A lot of this is a matter of trying to second guess what people might do to look things up. I believe, to start with that there should be separate entries for the prefixes and suffixes alone, such as -er, (assuming that the system will allow an entry that begins with a hyphen)
absolutely, it must, since this is the standard English dictionary way of defining suffixes. also **THE STUPID/WRONG WIKIPEDIA CONVENTION OF CAPITALIZING THE FIRST WORD OF EVERY ENTRY** must now certainly be removed from the software. IT's bad in an encyclopedia, but there are ways to work around it. There's no way around it in a dictionary! The software simply has to change.
You're preaching to the converted on this one. See Wiktionary:Bug reports. The serious distortions in an encyclopedia are more limited. It's difficult to work around the entry for the concept of pH in chemistry. A dictionary requires considerably more precision than an encyclopedia. Eclecticology
I'm not really disputing your approach, but the more I get into this project the more I appreciate the difficulties there are in writing a dictionary. Eclecticology 19:04 Jan 10, 2003 (UTC)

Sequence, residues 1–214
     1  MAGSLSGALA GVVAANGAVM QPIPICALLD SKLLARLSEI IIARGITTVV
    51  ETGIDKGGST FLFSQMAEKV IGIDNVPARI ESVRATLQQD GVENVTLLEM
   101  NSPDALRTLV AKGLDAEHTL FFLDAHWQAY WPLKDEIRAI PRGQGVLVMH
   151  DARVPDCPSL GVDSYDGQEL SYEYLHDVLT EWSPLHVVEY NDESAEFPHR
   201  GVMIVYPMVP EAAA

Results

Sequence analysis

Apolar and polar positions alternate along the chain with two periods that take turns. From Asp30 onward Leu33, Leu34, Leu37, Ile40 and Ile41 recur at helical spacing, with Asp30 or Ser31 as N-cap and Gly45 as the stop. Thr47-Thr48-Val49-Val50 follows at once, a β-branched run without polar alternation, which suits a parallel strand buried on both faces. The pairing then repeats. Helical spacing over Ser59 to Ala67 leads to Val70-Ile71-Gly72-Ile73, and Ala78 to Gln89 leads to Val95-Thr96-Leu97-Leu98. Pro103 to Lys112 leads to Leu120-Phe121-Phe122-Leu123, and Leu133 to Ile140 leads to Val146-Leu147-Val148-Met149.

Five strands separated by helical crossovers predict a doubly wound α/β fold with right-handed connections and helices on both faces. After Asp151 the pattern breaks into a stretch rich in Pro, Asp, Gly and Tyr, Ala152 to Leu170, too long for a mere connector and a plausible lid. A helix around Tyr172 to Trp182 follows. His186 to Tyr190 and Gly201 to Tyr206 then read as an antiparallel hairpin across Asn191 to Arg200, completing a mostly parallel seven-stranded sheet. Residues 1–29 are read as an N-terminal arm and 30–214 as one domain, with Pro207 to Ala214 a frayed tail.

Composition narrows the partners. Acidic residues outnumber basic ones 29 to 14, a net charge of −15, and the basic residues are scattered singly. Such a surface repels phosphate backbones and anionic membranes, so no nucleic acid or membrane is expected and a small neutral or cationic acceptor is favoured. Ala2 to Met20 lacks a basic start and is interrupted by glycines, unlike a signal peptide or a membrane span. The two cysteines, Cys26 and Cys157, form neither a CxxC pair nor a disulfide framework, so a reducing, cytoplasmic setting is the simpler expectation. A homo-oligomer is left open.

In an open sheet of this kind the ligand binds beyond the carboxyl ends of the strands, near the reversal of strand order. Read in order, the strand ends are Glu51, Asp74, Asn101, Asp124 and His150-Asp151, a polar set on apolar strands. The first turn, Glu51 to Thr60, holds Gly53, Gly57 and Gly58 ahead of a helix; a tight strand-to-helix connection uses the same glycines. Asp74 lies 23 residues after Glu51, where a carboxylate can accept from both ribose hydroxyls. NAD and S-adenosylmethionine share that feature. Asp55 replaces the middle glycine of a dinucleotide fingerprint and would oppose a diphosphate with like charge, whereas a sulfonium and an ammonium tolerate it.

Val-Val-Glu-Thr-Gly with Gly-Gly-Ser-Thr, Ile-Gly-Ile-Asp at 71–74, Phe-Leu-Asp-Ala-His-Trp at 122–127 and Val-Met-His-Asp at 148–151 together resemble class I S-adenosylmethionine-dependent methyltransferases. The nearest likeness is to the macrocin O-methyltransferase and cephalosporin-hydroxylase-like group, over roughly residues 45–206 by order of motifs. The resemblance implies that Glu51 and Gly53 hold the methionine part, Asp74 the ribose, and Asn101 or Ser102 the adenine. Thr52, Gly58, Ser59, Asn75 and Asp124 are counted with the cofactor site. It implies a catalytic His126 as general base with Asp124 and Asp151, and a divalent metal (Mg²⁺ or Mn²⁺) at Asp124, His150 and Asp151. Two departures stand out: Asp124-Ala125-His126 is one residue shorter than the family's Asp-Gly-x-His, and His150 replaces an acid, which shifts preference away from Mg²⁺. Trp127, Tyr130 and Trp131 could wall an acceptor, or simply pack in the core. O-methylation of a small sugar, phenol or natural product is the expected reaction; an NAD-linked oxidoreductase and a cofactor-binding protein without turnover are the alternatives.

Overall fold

there are main wikipedia articles on w:defining vocabulary, w:defining dictionary, and w:core glossary (a more abstract concept needed by both). might be best to review those, and edit them to w:consensus, so that there is a stong standard basis for proceeding, rather than re-inventing the wheel. it is better to work out the ideal structure of a dictionary there, where the actual structure of real dictionaries is being explained to the casual reader.
I think I'm grasping what you're trying to say. The consensus-building on this will likely need to be a continuing wrk in pregress. There are some profoundly shallow views around concerning what a dictionary is. There's also often a natural human tendency to search for certainty where none can exist. We may not find too many people willing to participate in developing the consensus. The required sophistication is just not there. If we are going to work from a "defining vocabulary" as you suggest, it seems that one of the first things we will need is a properly wikied list of those words so that each of those concepts can be adequately discussed. Then there's the question of how we can possibly discuss the words on such a list without getting locked int a self-referential loop. Eclecticology 07:49 Jan 11, 2003 (UTC)
This is out-of-date. I stopped reading at 2.1.2 - because I think we're suppose to include = = English = = at the top of ALL articles these days. I'll wait to comment until version 2.0, which I'm sure you'll be working on over the holiday weekend. :-) Cheers, --Stranger 15:01, 1 September 2005 (UTC)